3.6 Addressing non-communicable diseases
- Ensure that the health system has some mechanism in place to handle injury and physical trauma.
- Address mental and psychosocial health needs in the context of the emergency-refer to Chapter 8.4 Psychosocial programming. Support needs to be in place to address psycho-social health issues attributed to the emergency, as well as to support mental health needs existing prior to the emergency.
- Work with other organisations to identify an authority or agency most capable of handling individuals with chronic disease, and provide support as appropriate to ensure chronic disease is being treated in accordance with standard guidelines.
The health system should be able to prioritise trauma services. It should also be able to triage patients or have a referral system in place for trauma and surgical care if the facilities are unable to cope with these situations. First aid and basic medical care at a minimum should be available within the system to help stabilise individuals. Humanitarian organisations that specialise in medical care (for example, ICRC and MSF) often provide these services in cases where the national or local health system is unable to do so.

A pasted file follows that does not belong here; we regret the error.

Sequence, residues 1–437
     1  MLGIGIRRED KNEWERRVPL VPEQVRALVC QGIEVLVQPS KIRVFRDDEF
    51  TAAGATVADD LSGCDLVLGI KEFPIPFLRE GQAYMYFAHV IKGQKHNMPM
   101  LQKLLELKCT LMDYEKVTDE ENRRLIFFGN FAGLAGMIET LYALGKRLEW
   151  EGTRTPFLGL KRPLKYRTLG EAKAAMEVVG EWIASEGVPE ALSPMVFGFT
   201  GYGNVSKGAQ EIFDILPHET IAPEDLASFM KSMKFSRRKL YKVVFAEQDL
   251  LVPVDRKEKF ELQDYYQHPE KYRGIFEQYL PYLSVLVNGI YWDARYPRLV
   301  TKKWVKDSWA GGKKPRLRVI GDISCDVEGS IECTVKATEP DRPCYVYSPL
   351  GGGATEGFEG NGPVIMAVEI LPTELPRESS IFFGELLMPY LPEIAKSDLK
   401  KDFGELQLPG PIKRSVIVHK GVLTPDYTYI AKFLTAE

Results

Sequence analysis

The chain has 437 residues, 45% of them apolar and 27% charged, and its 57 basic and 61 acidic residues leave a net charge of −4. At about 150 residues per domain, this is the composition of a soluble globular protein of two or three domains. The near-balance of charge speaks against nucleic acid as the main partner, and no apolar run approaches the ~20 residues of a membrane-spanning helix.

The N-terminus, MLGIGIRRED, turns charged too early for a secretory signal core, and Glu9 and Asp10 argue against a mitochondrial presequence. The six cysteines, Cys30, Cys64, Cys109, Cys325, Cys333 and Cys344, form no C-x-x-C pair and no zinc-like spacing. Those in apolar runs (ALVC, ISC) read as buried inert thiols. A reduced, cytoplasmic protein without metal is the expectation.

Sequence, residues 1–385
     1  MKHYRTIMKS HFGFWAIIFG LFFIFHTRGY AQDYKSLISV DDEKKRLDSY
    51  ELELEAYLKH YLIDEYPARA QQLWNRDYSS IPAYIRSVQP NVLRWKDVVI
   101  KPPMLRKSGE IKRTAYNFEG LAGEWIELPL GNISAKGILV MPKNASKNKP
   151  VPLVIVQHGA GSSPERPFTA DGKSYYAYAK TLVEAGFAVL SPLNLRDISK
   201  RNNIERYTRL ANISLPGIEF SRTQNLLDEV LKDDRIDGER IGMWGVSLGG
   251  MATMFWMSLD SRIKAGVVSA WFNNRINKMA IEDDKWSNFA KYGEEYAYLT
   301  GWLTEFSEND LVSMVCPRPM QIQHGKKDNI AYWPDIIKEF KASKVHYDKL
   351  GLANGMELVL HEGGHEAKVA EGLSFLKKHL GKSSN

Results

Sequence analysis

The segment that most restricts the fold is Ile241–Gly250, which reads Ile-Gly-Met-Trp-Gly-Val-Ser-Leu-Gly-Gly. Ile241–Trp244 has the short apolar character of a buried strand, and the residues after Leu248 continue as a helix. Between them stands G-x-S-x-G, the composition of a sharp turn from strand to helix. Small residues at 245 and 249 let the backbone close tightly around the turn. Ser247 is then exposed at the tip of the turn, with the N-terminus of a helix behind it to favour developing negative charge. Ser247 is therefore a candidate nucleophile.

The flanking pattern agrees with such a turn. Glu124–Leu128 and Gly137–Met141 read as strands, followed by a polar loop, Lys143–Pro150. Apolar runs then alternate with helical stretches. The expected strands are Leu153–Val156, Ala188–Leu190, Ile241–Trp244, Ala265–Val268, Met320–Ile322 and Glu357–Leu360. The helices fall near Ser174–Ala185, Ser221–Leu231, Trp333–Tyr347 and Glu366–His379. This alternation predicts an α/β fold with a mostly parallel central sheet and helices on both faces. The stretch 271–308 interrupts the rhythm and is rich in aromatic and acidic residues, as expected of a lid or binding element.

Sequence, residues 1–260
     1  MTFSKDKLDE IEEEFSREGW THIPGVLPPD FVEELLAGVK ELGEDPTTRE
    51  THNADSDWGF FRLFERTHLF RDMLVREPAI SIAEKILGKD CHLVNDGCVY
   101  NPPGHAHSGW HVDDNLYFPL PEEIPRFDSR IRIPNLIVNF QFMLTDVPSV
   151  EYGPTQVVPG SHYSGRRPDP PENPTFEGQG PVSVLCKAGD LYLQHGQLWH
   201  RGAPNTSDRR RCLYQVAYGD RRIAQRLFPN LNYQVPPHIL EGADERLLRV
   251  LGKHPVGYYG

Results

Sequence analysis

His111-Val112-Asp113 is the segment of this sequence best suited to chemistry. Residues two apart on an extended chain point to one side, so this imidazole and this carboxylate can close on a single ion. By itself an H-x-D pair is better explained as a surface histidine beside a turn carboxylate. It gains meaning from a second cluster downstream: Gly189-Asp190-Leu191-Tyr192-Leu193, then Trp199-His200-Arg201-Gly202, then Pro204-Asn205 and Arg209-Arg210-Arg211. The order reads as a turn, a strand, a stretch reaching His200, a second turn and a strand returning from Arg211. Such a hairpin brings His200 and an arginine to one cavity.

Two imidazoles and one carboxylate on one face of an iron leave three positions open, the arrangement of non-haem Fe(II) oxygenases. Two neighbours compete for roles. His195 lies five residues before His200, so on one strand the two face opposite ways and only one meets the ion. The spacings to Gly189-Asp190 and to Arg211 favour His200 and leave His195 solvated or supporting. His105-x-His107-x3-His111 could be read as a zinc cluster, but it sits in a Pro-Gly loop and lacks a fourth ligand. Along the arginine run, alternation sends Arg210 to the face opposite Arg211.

Assessments and surveillance should include tracking and determining individuals who suffer from chronic disease. A specific agency should be vested with caring for patients of chronic disease. These individuals should be identified and registered, and provided necessary routine treatments with medications specified on the essential drug list. In some cases, humanitarian agencies have provided assistance by providing medication to the health system to address chronic disease in the aftermath of an emergency.
Emergencies cause significant psychological trauma for the affected populations. Ensuring that people have access to services for support, including cultural and religious events, and that lives resume a sense of normalcy soon after settling, is beneficial to the psychological well-being of the community. Health services also need to be able to address specific mental health issues. For further information on mental and social aspects of emergencies refer to Chapter 8.4 Psychosocial programming.